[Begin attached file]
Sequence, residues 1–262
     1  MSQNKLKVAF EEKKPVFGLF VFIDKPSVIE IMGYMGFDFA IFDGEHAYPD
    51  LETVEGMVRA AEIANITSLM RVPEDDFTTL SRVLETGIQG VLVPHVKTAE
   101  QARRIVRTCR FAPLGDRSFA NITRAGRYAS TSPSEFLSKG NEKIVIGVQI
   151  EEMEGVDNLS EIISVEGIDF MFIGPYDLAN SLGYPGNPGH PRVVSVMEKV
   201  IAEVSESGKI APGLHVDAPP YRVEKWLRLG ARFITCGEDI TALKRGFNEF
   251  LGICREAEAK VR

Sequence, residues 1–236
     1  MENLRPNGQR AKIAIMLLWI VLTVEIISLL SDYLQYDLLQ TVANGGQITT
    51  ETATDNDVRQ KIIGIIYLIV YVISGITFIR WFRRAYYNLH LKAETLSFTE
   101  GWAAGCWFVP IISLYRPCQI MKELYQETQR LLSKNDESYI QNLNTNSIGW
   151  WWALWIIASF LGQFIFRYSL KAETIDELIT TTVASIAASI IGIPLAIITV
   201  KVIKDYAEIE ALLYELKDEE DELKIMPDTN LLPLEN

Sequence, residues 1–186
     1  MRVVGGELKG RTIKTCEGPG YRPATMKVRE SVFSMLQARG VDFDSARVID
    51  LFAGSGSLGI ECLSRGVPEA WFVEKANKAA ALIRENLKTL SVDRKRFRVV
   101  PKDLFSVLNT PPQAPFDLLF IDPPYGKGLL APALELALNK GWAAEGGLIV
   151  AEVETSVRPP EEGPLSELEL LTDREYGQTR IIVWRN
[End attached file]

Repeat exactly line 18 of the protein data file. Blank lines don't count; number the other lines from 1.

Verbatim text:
   151  AEVETSVRPP EEGPLSELEL LTDREYGQTR IIVWRN